While the picture varies around the globe, the reality is that Google reigns supreme in almost every market. In fact, for those who have forgotten, Google is the main search engine in all but five countries that regularly access the internet. However, despite themonolithic size of Google, Bing and its partner Yahoo are making gains. Bing hit a record high in June, while Google remained stable.
That record high for Bing is 14.4 percent of market share – fairly impressive when you consider how young Bing is overall and that they only breached the 10 percent mark over the last year. This 14.4 percent market share combines with Yahoo’s 15.9 percent (about the same as Yahoo has held historically over the last couple years) to hit over 30 percent of the total market – up from about 20 percent last year and 25 percent at the end of 2010.
Still, despite the impressive gains, Google isn’t suffering. In fact, Google has remained stable or improved in each of its given search markets. Google holds at 65.5 percent of search share currently, and saw a rise in core search from 63.3 percent last month to 64.5 percent; “core search” includes all contextually-driven searches (which don’t indicate any actual intent to interact with search results) as well as standard searches.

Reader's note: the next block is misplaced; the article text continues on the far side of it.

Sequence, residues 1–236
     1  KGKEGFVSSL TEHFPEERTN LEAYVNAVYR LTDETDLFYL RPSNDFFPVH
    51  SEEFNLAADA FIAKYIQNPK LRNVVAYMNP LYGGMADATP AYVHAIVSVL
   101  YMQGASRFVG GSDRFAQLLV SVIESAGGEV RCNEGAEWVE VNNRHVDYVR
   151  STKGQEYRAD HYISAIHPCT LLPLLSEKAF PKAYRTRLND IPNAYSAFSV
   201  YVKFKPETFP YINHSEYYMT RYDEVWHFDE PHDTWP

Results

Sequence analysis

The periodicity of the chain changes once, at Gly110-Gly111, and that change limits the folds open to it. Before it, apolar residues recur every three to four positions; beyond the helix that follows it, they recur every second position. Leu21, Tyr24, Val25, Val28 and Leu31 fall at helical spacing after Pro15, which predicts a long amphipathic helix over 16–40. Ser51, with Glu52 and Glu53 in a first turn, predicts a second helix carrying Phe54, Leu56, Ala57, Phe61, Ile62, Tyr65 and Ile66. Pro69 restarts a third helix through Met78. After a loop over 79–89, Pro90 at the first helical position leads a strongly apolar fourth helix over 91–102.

So where is the Bing growth coming from? It seems that, rather than penetrating the fortress being held by Google, Bing is killing off the remaining competitors: Ask and AOL both remain strong in their core search site, but search sites networked to these companies saw an approximate 5 percent drop. Meanwhile, search activity on the whole has increased by about 8 percent over the last year.
[Sources include: comScore]
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